Local Knowledge: 2012 The Barclays at Bethpage Black

Bethpage Black
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The last time we saw Bethpage Black was for the 2009 U.S. Open, which was won by Lucas Glover.
T.J. Auclair, Interactive Producer

Series: Local Knowledge

Published: Thursday, August 23, 2012 | 8:28 a.m.

Playoffs? Did you say playoffs? Yes, folks, we did. Believe it or not, that time of year is upon us as the PGA Tour is in Farmingdale, N.Y., this week at the world-famous Bethpage Black for the Barclays -- the first leg of the PGA Tour Playoffs for the FedExCup.

All the world's best players are there and there even playing together for the first two rounds. Tiger Woods is paired with Rory McIlroy and Zach Johnson at 8:16 a.m. on Thursday and the threesome goes off at 1:06 p.m. on Friday.


Bethpage Black is the venue for this week's Barclays. Have you played there? If so, click on the course names to write a review of your experience. Also, be sure to check out our PGA.com Course Guide to review all the courses you've played and to find the perfect course for your next round.

Our local expert
Joseph Rehor
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Bethpage Black is arguably the most famous public golf course there is. It's played host to two U.S. Opens (2002 and 2009) and can be played by you or me for as little as $75.

Before the tournament teed off, we caught up with Bethpage Black PGA Head Professional Joe Rehor for a little Q&A.

PGA.com: Thanks for joining us, Joe. It's hard to believe, but the first leg of the PGA Tour Playoffs for the FedExCup is upon us this week for The Barclays at Bethpage Black. How differently -- if at all -- will conditions be for the players this week compared to when the course has hosted the U.S. Open?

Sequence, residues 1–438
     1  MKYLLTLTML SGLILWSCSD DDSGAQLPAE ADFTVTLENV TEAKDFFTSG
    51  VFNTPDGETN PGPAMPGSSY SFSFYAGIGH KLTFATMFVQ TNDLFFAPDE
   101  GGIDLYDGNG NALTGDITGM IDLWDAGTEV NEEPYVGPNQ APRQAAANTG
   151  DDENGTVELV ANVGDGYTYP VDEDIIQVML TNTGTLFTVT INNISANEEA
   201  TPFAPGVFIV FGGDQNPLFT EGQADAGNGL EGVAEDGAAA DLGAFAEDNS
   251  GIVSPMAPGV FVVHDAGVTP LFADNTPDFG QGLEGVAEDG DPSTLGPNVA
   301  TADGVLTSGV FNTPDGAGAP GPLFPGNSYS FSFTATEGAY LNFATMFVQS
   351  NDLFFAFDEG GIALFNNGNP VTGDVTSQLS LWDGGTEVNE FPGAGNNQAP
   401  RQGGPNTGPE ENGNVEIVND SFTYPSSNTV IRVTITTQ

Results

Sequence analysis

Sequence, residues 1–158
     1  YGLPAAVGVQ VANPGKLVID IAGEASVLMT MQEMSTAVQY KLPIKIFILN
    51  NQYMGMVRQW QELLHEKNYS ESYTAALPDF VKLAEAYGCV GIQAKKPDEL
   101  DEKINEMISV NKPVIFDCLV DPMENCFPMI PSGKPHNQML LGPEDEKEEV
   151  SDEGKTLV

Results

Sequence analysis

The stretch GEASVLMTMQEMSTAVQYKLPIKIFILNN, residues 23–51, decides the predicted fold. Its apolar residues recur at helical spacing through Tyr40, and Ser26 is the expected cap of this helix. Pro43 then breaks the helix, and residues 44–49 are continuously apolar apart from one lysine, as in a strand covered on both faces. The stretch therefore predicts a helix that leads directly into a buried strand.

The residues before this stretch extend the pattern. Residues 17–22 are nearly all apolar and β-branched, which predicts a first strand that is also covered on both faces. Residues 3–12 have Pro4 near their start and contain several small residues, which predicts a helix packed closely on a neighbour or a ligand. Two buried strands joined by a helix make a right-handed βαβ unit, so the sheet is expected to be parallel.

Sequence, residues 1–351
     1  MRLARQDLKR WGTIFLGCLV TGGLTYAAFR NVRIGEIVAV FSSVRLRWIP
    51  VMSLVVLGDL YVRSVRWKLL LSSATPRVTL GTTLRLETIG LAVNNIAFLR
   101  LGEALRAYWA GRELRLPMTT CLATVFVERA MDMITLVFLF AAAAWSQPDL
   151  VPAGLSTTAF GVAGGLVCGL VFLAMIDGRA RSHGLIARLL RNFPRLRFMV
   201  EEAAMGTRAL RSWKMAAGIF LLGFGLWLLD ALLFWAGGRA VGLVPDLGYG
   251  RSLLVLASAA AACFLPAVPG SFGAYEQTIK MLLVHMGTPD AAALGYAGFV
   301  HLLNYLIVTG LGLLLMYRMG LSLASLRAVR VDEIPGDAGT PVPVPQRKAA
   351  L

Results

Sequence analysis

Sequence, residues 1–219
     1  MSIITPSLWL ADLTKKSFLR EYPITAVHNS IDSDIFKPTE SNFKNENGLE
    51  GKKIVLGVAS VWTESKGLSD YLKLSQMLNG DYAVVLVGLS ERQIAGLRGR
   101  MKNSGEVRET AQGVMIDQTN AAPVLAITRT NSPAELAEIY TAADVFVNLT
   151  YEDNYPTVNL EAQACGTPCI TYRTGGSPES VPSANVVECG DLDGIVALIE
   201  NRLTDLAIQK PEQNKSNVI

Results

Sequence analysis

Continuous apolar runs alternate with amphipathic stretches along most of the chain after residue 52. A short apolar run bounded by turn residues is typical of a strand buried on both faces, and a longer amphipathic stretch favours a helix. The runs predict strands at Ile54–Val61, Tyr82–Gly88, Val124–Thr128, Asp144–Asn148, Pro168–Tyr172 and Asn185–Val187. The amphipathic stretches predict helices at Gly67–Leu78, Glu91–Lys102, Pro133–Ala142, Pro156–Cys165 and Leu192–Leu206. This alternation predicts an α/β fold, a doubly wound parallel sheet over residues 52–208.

Rehor: For the most part, the course will be very similar to what it was in 2009 for the U.S. Open. We're hoping for better weather, of course, so that it will play a little harder and faster, making it more imperative to drive the ball straight and keep it out of that juicy rough.

PGA.com: What do you think will be the most pivotal series of holes during The Barclays and why?

As is the case with every event we have on the Black, the most pivotal series of holes will be Nos. 15, 16, 17 and 18. Those will pose the biggest challenges to the players. If we get some wind, these four holes will be very difficult to complete without being over par.

PGA.com: I don't know about you, but I can't think of a season in recent memory where all of the game's top players were playing at their best at pretty much the same time. How much more exciting does that make things for you and the people involved in The Barclays?

As I look at the Tour this year, there is never a person that I would consider a lock to win any tournament. This is what can potentially make this FedExCup more exciting than any of the others in the past.

PGA.com: The only thing scoring-wise that we have to compare results with at Bethpage Black are the 2002 and 2009 U.S. Opens, where Tiger Woods won at 3 under and Lucas Glover won at 4 under, respectively. What do you envision for a winning score at The Barclays?

I think the winning score will be quite similar to those U.S. Opens, but if it plays hard and fast rather than soft and wet, scores will probably be even higher than that.

PGA.com: Final question for you, Joe. Bethpage Black has become arguably the most famous public course in the country. What is it that makes Bethpage so special?

Rehor: The golf course is a picturesque Tillinghast design surrounded by four other beautiful courses. New York State Parks -- which operates these golf beauties -- allow people to play at very reasonable rates. Where else can a golfer say that he can play a course that held two U.S. Opens, a Barclays and who knows what else in the future for $75? That's quite amazing!